Tomorrow, we get the treat of having a herpetologist give us a lecture! I believe she is even bringing some species to show us. I’m very excited to add more to my list of findings and learn even more about the species here. Hope everyone enjoyed! Maddie :)
Maddie did a wonderful job explaining her favourite parts about the trip. Although we have experienced a lot, I personally cannot pinpoint one specific part of the trip that I can classify as my favourite. Therefore I’m going to talk about this experience as a whole. For me, this opportunity has opened my eyes by showing me how everything on this beautiful planet is connected in some way. It has showed me the importance of every individual living thing that exist, and the impacts that one missing individual has on not only its surrounding ecosystems, but the earth itself. The rhino is a perfect example of that. I learned that as humans, we all need to take a step back and realize how precious our wildlife are, and how important it is to appreciate them. And the group that I have traveled to South Africa with have realized that, making a strong connection between all of us. I can honestly say that I have gained amazing memories from traveling here, but I also like to think that this has opened my doors of opportunities in the future. I’m sad that this trip is coming to and end, but it’s just the start of our friendships.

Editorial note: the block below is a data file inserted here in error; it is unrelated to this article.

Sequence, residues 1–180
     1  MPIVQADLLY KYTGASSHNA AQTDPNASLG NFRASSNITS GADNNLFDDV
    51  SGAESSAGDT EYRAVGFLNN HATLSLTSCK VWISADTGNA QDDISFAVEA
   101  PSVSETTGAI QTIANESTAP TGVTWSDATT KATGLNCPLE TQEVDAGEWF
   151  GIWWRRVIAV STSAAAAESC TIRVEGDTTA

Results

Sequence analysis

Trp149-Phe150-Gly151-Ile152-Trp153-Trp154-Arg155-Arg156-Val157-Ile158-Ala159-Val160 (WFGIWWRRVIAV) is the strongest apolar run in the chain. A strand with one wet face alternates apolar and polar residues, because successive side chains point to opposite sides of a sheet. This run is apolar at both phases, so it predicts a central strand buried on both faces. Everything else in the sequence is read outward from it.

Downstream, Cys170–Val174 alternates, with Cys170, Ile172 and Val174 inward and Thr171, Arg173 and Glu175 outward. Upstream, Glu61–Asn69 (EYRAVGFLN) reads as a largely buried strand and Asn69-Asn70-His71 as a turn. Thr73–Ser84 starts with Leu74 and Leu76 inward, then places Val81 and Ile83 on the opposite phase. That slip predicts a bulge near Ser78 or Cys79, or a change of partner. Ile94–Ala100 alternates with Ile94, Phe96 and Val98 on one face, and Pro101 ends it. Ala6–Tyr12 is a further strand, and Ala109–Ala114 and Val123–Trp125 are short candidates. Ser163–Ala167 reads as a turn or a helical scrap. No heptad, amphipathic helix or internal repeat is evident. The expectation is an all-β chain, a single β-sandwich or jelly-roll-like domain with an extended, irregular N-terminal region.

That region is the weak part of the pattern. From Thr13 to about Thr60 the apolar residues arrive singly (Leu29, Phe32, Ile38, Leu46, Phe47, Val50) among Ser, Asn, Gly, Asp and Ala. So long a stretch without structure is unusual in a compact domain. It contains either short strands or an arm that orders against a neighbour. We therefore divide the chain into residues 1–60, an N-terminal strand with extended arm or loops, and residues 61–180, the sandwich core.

Burton Empey says
Well who wouldn’t like saying Shengololo at their next dinner party or family get together? Beyond the bewildered expressions you’ll enjoy having quite a good storey to tell …. A storey of adventure, about your explorations and revelations, while on the hunt (for knowledge) in the wilds of Africa.
What is clear from your blogs, live video feeds, and many text messages is that you’ve all had an amazing learning experience! This of course was the hope as we wished you our reluctant farewells, but I fully expect you’ve also discovered unexpected friendships which will last a lifetime and, just as important, new found purpose for the knowledge gained and love for all creatures great and small.
Can’t wait to hear of the many stories still to be told and welcome you home ….at least until your next grand adventure…. Our thanks to Dal and for the staff which made this trip of a lifetime possible!
Burton and Julie xoxo
Great blog girls! Maddie, I certainly can sense your passion for the amphibians and insects. Megan, we are so excited for you; for all that you have learned and the friendships you have created there. We can’t wait to see what opportunities and possibilities lay ahead for you in the future. And for the greater good of all the beautiful creatures that live there, may you all find a way to contribute to keep them safe and thriving for many many decades to come.
Thank you as well to Dalhousie University, to all the staff here and there in South Africa that made this amazing trip possible for these students! It truly was the trip of a lifetime.
Stay safe, stay healthy!